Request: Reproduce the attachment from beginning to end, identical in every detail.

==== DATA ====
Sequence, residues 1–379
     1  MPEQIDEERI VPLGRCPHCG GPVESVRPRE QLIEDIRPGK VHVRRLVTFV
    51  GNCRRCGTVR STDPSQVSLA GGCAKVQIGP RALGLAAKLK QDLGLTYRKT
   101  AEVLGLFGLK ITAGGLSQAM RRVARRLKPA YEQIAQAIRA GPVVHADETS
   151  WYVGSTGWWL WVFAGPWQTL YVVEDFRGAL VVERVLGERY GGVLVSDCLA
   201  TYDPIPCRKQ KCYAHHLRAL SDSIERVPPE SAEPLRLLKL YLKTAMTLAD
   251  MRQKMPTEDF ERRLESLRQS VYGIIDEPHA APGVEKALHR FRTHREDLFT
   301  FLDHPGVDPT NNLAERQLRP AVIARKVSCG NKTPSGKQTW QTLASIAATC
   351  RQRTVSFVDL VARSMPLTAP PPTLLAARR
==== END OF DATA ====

Sequence, residues 1–379
     1  MPEQIDEERI VPLGRCPHCG GPVESVRPRE QLIEDIRPGK VHVRRLVTFV
    51  GNCRRCGTVR STDPSQVSLA GGCAKVQIGP RALGLAAKLK QDLGLTYRKT
   101  AEVLGLFGLK ITAGGLSQAM RRVARRLKPA YEQIAQAIRA GPVVHADETS
   151  WYVGSTGWWL WVFAGPWQTL YVVEDFRGAL VVERVLGERY GGVLVSDCLA
   201  TYDPIPCRKQ KCYAHHLRAL SDSIERVPPE SAEPLRLLKL YLKTAMTLAD
   251  MRQKMPTEDF ERRLESLRQS VYGIIDEPHA APGVEKALHR FRTHREDLFT
   301  FLDHPGVDPT NNLAERQLRP AVIARKVSCG NKTPSGKQTW QTLASIAATC
   351  RQRTVSFVDL VARSMPLTAP PPTLLAARR